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dir Joe Wright
scr Jason Fuchs
prd Greg Berlanti, Sarah Schechter, Paul Webster
with Levi Miller, Hugh Jackman, Rooney Mara, Garrett Hedlund, Adeel Akhtar, Nonso Anozie, Kathy Burke, Amanda Seyfried, Cara Delevingne, Lewis MacDougall, Bronson Webb, Paul Kaye
release US 9.Oct.15, UK 16.Oct.15
15/UK Warner 1h51
It's curtains: Miller and Jackman
|R E V I E W B Y R I C H C L I N E|
With a colourfully cartoonish visual sensibility, this live-action Peter Pan origin story is aimed at young children. Although it indulges in some rather grisly violence, it's packed with thrilling action sequences and larger-than-life swashbuckling characters that will amaze youngsters. Parents might not be quite so enthralled.
Peter (Miller) has grown up in a grey London orphanage overseen by Mother Barnabas (Burke), who sells misbehaving boys to airborne pirates during the Blitz. Peter is taken to work in a mine in Neverland, a fantastical island ruled by Blackbeard (Jackman). The miner Hook (Hedlund) takes him under his wing and, when Peter discovers he can fly, they escape into the woods to find native princess Tiger Lily (Mara) and learn more about Peter's parents, as well as whether he is actually the child in a local prophecy. But Blackbeard is on their trail.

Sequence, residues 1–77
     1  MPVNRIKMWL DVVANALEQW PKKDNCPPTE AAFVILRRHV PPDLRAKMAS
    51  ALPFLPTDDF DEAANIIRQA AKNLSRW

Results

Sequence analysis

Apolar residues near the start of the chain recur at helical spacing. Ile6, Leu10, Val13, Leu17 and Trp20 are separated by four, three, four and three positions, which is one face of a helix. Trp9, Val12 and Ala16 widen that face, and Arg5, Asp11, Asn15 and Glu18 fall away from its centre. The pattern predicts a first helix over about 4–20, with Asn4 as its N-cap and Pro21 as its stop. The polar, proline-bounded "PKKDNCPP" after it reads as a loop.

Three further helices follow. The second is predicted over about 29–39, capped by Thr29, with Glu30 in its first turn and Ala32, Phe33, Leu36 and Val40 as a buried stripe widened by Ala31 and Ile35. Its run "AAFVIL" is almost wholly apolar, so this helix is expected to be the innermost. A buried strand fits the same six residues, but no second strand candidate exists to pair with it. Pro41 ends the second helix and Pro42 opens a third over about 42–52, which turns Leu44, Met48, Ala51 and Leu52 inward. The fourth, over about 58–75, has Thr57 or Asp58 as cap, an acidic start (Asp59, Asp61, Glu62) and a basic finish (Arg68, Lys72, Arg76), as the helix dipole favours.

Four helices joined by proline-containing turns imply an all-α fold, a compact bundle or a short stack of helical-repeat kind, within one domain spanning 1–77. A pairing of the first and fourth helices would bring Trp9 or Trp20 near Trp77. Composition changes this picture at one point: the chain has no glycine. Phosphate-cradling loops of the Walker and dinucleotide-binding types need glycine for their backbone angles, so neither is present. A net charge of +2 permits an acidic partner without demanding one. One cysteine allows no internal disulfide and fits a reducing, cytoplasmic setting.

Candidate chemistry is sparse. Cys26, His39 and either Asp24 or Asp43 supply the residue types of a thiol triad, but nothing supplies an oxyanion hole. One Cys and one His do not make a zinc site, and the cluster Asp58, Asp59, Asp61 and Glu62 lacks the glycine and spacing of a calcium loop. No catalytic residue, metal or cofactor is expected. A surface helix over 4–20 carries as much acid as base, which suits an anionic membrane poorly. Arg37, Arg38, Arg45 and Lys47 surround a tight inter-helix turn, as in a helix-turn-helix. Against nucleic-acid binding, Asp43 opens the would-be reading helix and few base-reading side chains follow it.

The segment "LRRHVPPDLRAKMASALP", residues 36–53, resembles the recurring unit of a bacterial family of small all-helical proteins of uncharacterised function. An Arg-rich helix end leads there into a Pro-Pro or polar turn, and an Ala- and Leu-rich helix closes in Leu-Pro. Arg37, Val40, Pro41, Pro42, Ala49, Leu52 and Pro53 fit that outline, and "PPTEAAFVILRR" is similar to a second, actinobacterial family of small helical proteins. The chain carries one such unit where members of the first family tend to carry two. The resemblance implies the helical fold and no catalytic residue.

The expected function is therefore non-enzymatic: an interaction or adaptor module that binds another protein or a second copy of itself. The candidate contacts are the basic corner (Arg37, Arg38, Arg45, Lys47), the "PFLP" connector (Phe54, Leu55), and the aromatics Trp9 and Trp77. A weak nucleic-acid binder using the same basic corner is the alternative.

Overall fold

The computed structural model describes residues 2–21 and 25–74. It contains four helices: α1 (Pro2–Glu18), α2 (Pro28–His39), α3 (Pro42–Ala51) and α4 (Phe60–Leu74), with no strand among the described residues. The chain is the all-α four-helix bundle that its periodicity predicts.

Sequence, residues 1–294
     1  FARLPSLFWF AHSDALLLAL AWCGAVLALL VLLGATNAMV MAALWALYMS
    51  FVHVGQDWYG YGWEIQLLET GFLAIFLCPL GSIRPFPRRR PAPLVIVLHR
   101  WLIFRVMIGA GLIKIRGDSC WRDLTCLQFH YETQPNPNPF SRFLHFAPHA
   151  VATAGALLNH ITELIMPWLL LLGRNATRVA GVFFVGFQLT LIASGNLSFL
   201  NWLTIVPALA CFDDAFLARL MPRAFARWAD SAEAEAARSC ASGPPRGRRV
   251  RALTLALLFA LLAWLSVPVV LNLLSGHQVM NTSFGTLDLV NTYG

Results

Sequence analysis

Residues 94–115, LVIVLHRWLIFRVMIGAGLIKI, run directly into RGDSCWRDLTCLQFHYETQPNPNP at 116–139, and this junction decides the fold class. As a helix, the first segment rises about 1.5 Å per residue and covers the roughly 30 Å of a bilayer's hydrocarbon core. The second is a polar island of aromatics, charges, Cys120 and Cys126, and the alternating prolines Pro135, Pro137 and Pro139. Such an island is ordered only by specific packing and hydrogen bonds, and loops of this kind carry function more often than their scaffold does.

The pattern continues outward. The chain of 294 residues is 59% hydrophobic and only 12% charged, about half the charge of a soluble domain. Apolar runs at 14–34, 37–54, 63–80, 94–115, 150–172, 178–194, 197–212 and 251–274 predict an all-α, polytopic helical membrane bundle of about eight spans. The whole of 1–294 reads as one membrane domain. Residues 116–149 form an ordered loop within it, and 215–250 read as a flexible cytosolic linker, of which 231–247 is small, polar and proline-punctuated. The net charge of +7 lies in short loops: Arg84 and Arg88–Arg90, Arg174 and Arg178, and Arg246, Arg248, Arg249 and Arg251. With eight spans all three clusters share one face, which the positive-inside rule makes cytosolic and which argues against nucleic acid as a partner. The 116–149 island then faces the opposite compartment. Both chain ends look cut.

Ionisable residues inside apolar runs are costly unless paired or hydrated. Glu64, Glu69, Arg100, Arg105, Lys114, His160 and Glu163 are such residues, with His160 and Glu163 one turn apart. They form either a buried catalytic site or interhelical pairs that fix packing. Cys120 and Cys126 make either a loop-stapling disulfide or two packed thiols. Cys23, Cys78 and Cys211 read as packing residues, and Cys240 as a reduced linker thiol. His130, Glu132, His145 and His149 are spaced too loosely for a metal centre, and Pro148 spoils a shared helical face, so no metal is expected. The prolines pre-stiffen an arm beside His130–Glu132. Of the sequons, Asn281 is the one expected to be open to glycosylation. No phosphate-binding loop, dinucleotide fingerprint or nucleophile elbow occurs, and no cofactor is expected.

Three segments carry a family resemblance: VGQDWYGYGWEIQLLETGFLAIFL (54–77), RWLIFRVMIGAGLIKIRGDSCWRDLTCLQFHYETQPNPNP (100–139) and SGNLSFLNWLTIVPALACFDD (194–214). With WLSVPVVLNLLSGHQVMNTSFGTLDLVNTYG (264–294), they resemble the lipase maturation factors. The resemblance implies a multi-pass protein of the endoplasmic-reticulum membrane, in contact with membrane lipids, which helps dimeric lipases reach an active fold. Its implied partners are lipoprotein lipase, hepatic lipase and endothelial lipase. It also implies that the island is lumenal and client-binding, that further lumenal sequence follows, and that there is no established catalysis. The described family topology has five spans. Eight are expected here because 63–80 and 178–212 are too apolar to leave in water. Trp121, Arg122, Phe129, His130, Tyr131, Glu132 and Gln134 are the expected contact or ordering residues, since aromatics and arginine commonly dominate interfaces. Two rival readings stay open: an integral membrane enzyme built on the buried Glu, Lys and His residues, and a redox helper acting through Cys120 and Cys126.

Wright directs this as an old-style children's fantasy souped up with whizzy digital trickery. With first-rate costumes and settings, the scenes explode with colour and music, and set-pieces propel the characters into exciting flights of fancy. Many sequences also have an emotional undercurrent that makes them exhilarating. And the way the script plays with JM Barrie's iconic characters is witty without ever being too clever or gimmicky. The fact that Hook is a good guy (with two hands) hints that more prequels are up the filmmakers' sleeve, as it were.
The lively young Miller nicely holds the story together, and his personal journey (orphan seeks parents) is endearing. Thankfully, the script underplays his messianic position in the plot, letting him be a boy who discovers himself even as everyone around him has great expectations. Oddly, Peter is the only truly sympathetic character in the movie, and liking him depends on how much you can stomach sparky urchins. Jackman and Mara are having a lot of fun in their lightly textured roles, while Hedlund hams it up mercilessly.
This is the kind of adventure movie that 8-year-olds will think is the best thing they've ever seen, while adults will sigh at the exhausting pace and over-egged wackiness. But there's enough intrigue in the plot to hold the interest, and the busy aesthetic makes sure there's never a dull moment, with plenty of detail to discover in each scene. In the end, everything is clearly lined up for a sequel, so hopefully the franchise will grow up along with its audience.
|R E A D E R R E V I E W S|
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© 2015 by Rich Cline, Shadows on the Wall|
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